|Publication number||US6465722 B2|
|Application number||US 09/855,803|
|Publication date||Oct 15, 2002|
|Filing date||May 16, 2001|
|Priority date||Jun 28, 2000|
|Also published as||US20020000152|
|Publication number||09855803, 855803, US 6465722 B2, US 6465722B2, US-B2-6465722, US6465722 B2, US6465722B2|
|Inventors||Michael V. Powers|
|Original Assignee||Peavey Electronics Corporation|
|Export Citation||BiBTeX, EndNote, RefMan|
|Patent Citations (14), Referenced by (9), Classifications (7), Legal Events (6)|
|External Links: USPTO, USPTO Assignment, Espacenet|
This application claims priority to a provisional patent application to Michael Powers, Ser. No. 60/214,803, filed on Jun. 28, 2000, and is currently pending.
This invention relates to an apparatus for connecting strings to a musical instrument and more particularly to a bridge that is attached to the body of an instrument which connects and holds strings securely thereto.
Strings are usually attached to a musical instrument at two places: the neck of the instrument and the body of the instrument. There are many different ways for attaching strings to instruments such as a bridge that is screwed or glued directly on top of the body of the instrument. The bridge separates the strings from surfaces of the instrument yet holds the strings in place to the body thereof through a series of holes that the strings pass through where they are then connected to the body of the instrument.
One common type of bridge that exists in the art is illustrated in U.S. Pat. No. 6,124,536 issued to Hoshina entitled “Bridge Mechanism for the Acoustic Guitar.” The Hoshina device is comprised of a plurality of individual guitar bridge elements that are attached to a base plate and the base plate is attached to an installation plate. The installation plate is attached directly to the face of the guitar. The bridge members are arranged individually and independently for each guitar string. Each member has a string holder and is adjusted by a plurality of adjusting screws.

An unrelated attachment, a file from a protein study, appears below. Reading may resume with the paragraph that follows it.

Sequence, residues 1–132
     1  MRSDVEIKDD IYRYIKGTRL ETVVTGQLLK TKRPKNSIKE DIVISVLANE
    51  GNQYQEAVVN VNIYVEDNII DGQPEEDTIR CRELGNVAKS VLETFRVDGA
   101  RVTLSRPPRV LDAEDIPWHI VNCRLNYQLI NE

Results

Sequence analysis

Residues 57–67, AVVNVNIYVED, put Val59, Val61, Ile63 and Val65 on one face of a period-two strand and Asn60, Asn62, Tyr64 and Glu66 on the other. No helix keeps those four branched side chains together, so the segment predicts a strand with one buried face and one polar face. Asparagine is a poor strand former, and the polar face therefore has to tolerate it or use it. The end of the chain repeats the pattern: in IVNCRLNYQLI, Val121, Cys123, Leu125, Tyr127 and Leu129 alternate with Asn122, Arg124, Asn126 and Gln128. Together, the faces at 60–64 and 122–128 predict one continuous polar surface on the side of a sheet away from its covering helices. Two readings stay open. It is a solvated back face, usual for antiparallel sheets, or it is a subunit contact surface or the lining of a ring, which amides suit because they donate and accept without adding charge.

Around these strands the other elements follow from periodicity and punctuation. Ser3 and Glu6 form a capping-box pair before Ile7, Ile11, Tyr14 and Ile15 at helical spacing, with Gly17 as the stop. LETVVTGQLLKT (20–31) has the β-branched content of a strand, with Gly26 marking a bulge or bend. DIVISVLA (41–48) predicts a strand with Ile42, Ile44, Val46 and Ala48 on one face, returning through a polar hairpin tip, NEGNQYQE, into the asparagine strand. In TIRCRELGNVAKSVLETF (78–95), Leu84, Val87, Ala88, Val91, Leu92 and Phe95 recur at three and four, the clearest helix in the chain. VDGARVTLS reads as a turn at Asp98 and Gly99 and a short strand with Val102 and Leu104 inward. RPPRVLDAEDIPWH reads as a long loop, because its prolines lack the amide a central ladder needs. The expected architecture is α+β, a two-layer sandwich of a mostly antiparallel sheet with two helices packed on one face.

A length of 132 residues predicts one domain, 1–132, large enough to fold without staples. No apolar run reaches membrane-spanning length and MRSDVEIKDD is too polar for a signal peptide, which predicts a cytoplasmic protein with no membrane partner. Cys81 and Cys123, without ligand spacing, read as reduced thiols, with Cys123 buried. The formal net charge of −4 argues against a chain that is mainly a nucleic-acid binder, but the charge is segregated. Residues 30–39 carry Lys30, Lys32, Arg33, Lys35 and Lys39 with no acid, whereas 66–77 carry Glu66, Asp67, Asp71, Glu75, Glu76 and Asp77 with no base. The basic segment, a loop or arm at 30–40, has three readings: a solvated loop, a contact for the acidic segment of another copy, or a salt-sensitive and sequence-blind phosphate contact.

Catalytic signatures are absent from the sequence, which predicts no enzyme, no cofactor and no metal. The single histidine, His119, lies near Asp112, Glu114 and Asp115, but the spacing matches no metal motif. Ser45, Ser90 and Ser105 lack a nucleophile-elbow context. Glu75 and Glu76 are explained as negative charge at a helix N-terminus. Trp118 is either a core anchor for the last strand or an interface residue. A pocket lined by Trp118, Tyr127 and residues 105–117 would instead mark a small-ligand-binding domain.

Another type of device current in the art is illustrated in a patent issued to Carrico entitled “Quick Attachment Mechanism For Guitar Strings” (U.S. Pat. No. 5,477,764). The Carrico patent discloses another type of string attachment mechanism comprised of two attachment cylinders that fit matingly one inside the other. The first cylinder is frictionally engaged with the guitar bridge. A string is threaded through the second cylinder which then fits within the first cylinder and is locked into place. When the second cylinder is placed within the first cylinder, the string is frictionally locked in place within the first cylinder and the second cylinder.
While there are many ways of attaching strings to the face of an instrument, most consist of attaching the bridge directly to the instrument through screws, glue and the like. In most of the commonly known methods, the bridge is subject to the pressures of the strings pulling the bridge forward toward the neck of the instrument and away from the face of the instrument to which it is attached thus eventually causing the bridge to separate from the instrument completely. Most bridge elements are not adjustable thereby causing all adjustments to the strings to be carried out at the neck region of the instrument.
The present invention is screwed directly onto the top of the guitar body and has a plurality of saddle elements that provide a mechanism for each string to be individually adjusted both in height and length at the body end of the instrument.